Last weekend, I noticed toilet paper was gone from store shelves (which I do not get, it’s respiratory not … well, you know), but everything else seemed to be in good supply. THIS weekend, it was a lot of empty shelves. I felt lucky to get a gallon of milk; bread is gone, most canned goods are gone and forget paper products or cleaning products. I’ve been adding non-perishable items to my cart for the last two weeks, so I wasn’t worried about stocking up, but I did want to get fresh fruit and veggies, dairy products, eggs and the like. And a few treats. I don’t know, a crisis just seems easier to deal with when you’ve got cookies. (No, I can’t eat cookies because of my guts. That was an act of mercy on my part.)

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On Wednesday, we had a staff meeting that involved all of our sister papers. Blah blah blah, it’s a hard time for newspapers but also: The company president was like, some of you are concerned about coronavirus and if you want to work from home, that’s fine, just make sure you’re set up to do that and also maybe think about department hubs. And I was like, I VOLUNTEER AS TRIBUTE.

I am thriving when it comes to social distancing!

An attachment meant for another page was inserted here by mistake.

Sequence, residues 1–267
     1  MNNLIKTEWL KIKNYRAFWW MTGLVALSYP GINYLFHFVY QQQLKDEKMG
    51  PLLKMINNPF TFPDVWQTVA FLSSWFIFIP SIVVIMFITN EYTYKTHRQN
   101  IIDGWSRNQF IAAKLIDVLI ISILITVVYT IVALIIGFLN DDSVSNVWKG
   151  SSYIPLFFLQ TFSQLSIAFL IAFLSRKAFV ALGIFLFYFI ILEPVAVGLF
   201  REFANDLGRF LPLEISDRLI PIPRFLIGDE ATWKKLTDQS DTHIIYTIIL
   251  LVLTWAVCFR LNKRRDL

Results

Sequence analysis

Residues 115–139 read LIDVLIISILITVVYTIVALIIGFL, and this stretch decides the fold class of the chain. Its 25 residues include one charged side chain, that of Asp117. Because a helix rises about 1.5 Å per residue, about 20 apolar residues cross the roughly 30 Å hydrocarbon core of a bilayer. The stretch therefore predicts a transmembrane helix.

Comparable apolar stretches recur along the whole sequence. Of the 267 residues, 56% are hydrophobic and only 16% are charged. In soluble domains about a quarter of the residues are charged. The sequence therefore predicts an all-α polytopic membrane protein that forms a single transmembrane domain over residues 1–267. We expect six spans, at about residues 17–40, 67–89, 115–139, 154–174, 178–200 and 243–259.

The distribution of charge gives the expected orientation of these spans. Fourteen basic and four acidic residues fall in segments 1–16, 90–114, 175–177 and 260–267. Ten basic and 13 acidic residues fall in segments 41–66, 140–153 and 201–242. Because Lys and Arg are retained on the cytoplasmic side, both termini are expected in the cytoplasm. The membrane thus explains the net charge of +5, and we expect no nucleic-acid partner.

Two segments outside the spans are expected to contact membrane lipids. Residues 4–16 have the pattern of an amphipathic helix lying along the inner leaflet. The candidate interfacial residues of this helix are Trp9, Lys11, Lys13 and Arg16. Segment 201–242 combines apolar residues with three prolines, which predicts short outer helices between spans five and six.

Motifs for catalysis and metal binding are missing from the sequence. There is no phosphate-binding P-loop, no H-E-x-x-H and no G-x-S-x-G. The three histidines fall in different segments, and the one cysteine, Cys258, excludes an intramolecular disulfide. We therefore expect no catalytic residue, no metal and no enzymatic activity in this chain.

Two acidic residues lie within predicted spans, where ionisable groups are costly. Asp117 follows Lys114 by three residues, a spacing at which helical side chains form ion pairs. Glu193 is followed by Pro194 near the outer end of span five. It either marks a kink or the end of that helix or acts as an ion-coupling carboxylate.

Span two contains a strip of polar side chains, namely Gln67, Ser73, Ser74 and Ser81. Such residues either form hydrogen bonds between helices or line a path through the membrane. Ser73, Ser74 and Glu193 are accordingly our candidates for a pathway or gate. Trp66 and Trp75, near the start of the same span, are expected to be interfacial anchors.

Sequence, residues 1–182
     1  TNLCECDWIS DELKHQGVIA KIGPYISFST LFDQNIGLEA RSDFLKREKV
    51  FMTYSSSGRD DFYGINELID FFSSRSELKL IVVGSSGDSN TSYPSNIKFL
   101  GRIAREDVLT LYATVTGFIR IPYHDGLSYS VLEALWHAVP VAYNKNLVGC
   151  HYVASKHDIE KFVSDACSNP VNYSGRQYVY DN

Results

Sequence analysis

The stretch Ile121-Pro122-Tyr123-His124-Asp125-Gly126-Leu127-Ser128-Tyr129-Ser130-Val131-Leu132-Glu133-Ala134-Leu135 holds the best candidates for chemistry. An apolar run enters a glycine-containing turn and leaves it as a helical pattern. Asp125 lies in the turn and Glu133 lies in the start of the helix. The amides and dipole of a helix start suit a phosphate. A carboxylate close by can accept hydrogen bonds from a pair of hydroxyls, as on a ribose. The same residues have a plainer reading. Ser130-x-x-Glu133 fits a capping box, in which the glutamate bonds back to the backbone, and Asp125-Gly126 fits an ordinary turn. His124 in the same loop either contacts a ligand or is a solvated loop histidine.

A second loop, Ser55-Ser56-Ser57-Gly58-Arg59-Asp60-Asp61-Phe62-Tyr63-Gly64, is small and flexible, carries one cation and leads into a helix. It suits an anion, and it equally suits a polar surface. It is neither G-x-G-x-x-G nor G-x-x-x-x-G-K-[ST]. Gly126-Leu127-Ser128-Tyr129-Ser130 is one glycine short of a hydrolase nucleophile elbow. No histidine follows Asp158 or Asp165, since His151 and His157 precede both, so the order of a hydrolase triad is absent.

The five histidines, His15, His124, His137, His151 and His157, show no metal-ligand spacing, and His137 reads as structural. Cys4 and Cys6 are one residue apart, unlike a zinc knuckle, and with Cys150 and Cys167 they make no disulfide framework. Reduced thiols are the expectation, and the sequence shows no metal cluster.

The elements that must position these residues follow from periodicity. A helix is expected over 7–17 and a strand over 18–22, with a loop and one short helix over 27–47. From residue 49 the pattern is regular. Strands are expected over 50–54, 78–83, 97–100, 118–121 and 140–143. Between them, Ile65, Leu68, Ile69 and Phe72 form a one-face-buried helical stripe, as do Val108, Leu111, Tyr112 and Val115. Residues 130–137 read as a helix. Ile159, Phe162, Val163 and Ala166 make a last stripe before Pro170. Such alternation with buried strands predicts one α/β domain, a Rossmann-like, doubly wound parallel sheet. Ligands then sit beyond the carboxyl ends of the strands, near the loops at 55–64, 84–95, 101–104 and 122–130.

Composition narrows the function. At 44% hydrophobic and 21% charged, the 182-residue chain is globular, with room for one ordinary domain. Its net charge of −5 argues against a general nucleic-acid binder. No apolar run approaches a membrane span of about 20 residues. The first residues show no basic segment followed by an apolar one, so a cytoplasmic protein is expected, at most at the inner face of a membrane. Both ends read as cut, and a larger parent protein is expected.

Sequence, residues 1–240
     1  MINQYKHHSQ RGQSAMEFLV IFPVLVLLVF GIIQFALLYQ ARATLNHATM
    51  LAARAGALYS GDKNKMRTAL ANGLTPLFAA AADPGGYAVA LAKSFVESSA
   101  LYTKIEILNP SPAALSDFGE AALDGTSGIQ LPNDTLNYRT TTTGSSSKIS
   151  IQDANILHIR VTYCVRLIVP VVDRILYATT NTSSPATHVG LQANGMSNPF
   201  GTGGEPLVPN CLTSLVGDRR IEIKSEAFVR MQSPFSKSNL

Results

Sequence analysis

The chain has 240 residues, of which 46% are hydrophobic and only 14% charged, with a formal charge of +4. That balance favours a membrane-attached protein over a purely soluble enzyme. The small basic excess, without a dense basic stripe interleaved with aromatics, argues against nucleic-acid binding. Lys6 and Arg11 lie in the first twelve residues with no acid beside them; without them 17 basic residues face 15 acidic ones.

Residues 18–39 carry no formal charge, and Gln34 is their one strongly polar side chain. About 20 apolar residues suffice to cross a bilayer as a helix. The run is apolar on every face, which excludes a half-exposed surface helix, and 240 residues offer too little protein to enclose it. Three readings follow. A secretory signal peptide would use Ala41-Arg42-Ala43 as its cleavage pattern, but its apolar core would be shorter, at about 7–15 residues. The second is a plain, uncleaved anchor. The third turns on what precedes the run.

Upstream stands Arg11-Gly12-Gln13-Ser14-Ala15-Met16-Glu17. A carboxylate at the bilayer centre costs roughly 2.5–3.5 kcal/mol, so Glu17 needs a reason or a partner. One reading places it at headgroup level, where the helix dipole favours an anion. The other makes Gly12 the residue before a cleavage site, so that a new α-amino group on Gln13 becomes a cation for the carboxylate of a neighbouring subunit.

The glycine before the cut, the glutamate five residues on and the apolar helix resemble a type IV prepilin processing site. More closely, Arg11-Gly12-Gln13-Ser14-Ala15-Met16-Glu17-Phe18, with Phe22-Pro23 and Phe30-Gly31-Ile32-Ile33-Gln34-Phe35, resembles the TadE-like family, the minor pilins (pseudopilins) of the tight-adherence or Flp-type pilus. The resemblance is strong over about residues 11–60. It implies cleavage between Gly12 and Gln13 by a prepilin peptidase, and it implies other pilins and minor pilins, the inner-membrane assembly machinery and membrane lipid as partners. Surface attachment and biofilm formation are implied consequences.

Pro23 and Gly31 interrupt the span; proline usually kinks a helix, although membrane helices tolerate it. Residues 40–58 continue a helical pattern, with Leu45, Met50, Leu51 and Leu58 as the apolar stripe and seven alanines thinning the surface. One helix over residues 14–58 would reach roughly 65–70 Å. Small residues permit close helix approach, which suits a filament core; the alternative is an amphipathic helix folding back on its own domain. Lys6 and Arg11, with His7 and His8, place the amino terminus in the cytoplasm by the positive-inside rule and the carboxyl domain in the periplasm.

After the meeting, I pulled ol’ Freida out of my backpack and started downloading programs. I came into the office on Thursday — deadline day — but decided to make Friday my test run at home — soft deadline, good practice, and if it didn’t work, I could go into the office and fix it.

Um, and also I just really wanted to work from home.

Long story short, I have access to my work desktop on Freida as well as all essential programs, and my test run went perfectly. The only drawback was watching my co-worker, Goose, munch a spider and then spit it back out. Dude, gross, what are you, an animal?

Incidentally, I set myself up in my newly cleaned reading retreat, which is a lovely home office space. I am so grateful that I have this area to work in. It makes me feel settled, and, with everything triggering my anxiety right now, that is a big help.

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Abby is home for spring break. Her university has extended the break for another week and will resume with online classes. Um, except she’s a nursing student and there might still be labs? Clinicals are out — just because the hospitals are overwhelmed and having students shadow is a distraction staff doesn’t need. Anyway, she’s headed back today. She’s not entirely sure what she’s headed back to, and neither are we.